In a similar vein, c-stores have started to co-operate with local bakeries to produce sandwiches on their behalf and have introduced local cheeses, meats and regional wines.

“People love that,” said Marco Fuhrer, managing partner at consulting and marketing research company, Fuhrer & Hotz, and the NACS relationship partner for Switzerland.

“They want a freshly made sandwich with top ingredients and appreciate that if a bakery is producing it, they are professionals. Some people have a psychological barrier about something that is freshly made but by people who are not professionals preparing food ie people working in a store or forecourt.”

Retailers could also take a leaf out of Migrolino’s book. The Swiss retailer developed and unveiled the new Gooods convenience retail concept during the pandemic, which takes the latest trends regarding super foods, nutrition, product provenance and organic products to the next level.

“It’s the first time the focus has been that strong and aimed at people who want to live that way and spend a little more,” Fuhrer says.

The growth in fresh foodservice and consumer desire for added convenience will shape another trend – delivery. Reitan Convenience, for example, plans to expand fresh foodservice, an area where it is seeing good growth. It is also taking its first steps with partnerships for e-commerce and delivery and has teamed up with Take Out in Denmark to deliver a fresh food proposition.

According to PDI CEO Jimmy Frangis, COVID-19 has accelerated the need for retailers to solve the challenge of last mile delivery. Not only are retailers implementing order ahead and delivery technology faster than many thought possible, but that added convenience has permanently altered customer expectations, he says.

Expect fresh foods delivery to accelerate in 2022 with retailer partnerships with the likes of Deliveroo and Uber Eats escalating further.


The digital interface with customers

Retailers around the world are trialing a raft of new technologies to provide a frictionless customer experience in their stores. Accelerated by the Covid-19 pandemic, these new solutions help enable contactless and ‘safer’ physical store environments.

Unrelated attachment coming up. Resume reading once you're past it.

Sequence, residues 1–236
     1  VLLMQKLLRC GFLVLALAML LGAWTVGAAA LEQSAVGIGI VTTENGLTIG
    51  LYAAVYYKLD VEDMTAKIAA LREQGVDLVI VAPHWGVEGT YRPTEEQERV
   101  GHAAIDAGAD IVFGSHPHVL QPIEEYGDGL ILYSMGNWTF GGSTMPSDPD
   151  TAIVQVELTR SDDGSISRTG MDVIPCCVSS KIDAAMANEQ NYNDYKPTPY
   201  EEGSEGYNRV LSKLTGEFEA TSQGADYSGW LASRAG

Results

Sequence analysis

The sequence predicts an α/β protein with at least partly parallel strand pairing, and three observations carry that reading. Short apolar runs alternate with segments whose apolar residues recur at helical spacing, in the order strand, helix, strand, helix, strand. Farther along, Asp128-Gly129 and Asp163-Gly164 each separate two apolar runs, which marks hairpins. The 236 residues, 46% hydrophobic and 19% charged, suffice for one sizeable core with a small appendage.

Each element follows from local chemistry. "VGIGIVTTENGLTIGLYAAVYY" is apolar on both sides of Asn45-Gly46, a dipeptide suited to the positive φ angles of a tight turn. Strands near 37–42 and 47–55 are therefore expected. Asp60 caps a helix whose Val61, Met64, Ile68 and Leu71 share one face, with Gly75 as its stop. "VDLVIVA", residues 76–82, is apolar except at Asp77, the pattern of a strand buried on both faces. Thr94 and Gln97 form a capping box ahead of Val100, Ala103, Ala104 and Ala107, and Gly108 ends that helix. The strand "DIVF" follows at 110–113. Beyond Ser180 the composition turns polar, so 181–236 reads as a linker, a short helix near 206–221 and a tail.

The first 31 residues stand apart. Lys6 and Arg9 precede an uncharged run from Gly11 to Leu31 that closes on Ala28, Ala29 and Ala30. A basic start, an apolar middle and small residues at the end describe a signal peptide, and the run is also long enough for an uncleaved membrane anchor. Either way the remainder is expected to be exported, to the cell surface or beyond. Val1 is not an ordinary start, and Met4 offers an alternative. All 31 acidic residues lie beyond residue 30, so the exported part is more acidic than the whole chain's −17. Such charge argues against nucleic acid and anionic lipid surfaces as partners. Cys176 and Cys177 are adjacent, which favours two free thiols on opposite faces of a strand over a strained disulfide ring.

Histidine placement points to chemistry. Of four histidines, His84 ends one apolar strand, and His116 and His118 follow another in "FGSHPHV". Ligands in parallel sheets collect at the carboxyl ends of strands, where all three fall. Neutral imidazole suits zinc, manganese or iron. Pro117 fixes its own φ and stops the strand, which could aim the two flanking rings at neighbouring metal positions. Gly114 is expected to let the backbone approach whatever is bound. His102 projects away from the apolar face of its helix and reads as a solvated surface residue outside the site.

In the UK, Amazon is rolling out its Amazon Fresh concept, powered by ‘just walk out’ technology. Fifteen plus stores have been opened in the London area to date. To shop the Amazon Fresh store, customers simply use the Amazon app to enter and can put their phone away and shop for what they need like normal, bagging items as they go. At the end of their shopping trip, they can just walk out, no stopping to stand in queue or check out.

Walk out tech is the featured topic in a new Shop Talk LIVE episode, co-hosted by Insight managing director, Dan Munford, and Frank Beard, marketing and customer experience executive at autonomous checkout specialist, Standard AI. It explores the varying technologies including sensor fusion and computer vision and considers how retailers can continue to build customer relationships when the machinery of the transaction has been taken away.

Munford and Beard discuss why they find the trend fascinating and their recent experiences of Amazon Fresh, Tesco GetGo, Sainsbury’s SmartShop Pick&Go, Woosox Market, plus thoughts on Carrefour Flash and ADNOC’s new frictionless store. A retail perspective is provided by Compass Group’s Scott Wu, who shares the company’s journey into autonomous checkouts.

Reitan Convenience is also trialing unmanned stores. Working in partnership with Swedish company Instant Systems, the retailer has opened four ‘walk in, walk out’ stores to date in Sweden and Finland with Denmark next in line. According to Kristenson, there are a lot of players currently testing unmanned concepts and the key lies in understanding the customer needs and expectations in this marketplace.

Gooods in Switzerland is a digital-first convenience store too. Shopping is done via Migrolino’s app, which consumers download and use to scan and pay for goods. But there’s also a manned checkout for age restricted products such as tobacco and alcohol.

Checkout-free technology is tipped as the next trend within retail technology to gather momentum by RBR in its its Mobile Self-Scanning and Checkout-Free 2021 report.

Ubamarket, a pioneering retail app, has been on the front lines of innovation in the retail sector in the UK, and is helping supermarkets and convenience stores to revolutionise their operations by integrating such technology.